In 1918, the mathematician Emmy Noether published two wonderful theorems that had a tremendous impact in physics, mathematics, and beyond. While Noether's primary interest and lasting contribution to mathematics was laying the foundations of modern abstract algebra, the term “Noether's Theorem” belongs to the lexicon of physicists and applied mathematicians.

Nevertheless, many of them remain unaware of the true scope and formulation of her fundamental theorems. In part, this is due to the inadequate and misinformed treatments of her results that continue to proliferate in the literature. Unfortunately, despite the best of intentions, the book under review is of this very nature.

Noether's First Theorem—the one in the book's title—establishes a one-to-one correspondence between the continuous (Lie) symmetry groups of a variational principle and the conservation laws of the associated Euler-Lagrange equations, whose solutions are the (smooth) extrema (more correctly, stationary points). While Neuenschwander states that symmetries produce conservation laws, he does not mention the reverse, which is an integral part of her statement of the Theorem (see below). Noether's Second Theorem states that if the variational principle admits an infinite-dimensional symmetry group depending on one or more arbitrary functions of the physical coordinates, then the associated conservation laws are trivial, but there are nontrivial differential identities among the field equations, which thus form an underdetermined system of differential equations. For proofs of both results see Ref. 1.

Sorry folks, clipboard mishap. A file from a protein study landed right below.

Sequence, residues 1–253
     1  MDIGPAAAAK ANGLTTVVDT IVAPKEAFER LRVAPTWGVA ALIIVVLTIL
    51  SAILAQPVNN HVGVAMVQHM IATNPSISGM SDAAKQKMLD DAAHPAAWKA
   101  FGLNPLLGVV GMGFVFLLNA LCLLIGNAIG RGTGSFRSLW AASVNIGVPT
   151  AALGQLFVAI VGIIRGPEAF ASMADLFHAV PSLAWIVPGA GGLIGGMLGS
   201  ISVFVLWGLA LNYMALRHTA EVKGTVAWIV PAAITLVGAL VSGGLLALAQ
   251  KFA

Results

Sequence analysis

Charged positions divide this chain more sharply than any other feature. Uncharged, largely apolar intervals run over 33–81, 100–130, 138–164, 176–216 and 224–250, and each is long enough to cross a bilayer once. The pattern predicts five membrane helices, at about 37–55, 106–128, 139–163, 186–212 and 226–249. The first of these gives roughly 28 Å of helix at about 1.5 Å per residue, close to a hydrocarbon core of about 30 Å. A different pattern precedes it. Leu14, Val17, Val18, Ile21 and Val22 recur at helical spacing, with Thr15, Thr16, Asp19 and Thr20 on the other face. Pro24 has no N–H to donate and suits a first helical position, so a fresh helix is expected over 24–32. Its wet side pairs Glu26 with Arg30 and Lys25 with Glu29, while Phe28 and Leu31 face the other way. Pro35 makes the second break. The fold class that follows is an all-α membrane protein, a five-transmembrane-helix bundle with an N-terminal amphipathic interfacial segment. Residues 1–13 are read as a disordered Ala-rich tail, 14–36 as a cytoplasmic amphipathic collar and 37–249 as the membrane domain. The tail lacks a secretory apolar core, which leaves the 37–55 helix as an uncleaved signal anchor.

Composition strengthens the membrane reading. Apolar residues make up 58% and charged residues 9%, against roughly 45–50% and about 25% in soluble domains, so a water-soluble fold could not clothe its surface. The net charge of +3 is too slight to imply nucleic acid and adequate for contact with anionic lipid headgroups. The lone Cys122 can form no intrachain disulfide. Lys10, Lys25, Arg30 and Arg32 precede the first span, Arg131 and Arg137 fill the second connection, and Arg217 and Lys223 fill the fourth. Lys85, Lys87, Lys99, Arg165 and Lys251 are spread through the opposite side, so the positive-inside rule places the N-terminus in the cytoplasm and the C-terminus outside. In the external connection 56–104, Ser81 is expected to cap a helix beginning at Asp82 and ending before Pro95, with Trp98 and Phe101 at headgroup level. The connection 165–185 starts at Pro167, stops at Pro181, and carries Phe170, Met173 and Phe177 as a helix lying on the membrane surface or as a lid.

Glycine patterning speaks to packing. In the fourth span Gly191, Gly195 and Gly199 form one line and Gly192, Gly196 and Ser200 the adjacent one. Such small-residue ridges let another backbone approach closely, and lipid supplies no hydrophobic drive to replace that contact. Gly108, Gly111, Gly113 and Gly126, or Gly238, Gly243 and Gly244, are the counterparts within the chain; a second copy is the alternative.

Neuenschwander's book does a commendable job detailing Noether's personal and professional history, illustrated by numerous quotes, and how she came to these theorems. In brief, in 1915, Noether, as a leading young expert (albeit unpaid due to her sex) in invariant theory and Lie groups, was invited by David Hilbert and Felix Klein to visit the University of Göttingen. The reason for Hilbert's invitation was that so she could help him in his intense ongoing competition with Einstein to establish the foundations of general relativity and, in particular, to resolve an apparent paradox: the triviality of the energy conservation law derived from time-translational symmetry of the Hilbert variational principle. (At that time, many special cases of Noether's Theorem, including the connections between translational and rotational symmetries and conservation of linear and angular momentum, and time translations with conservation of energy, were already known.^{1,2}) Noether's Second Theorem resolved Hilbert's dilemma; as she showed, the triviality of the energy conservation law was because the time translational symmetry group belongs to such an infinite-dimensional variational symmetry group, that, consequently, produces the Bianchi identities among the field equations.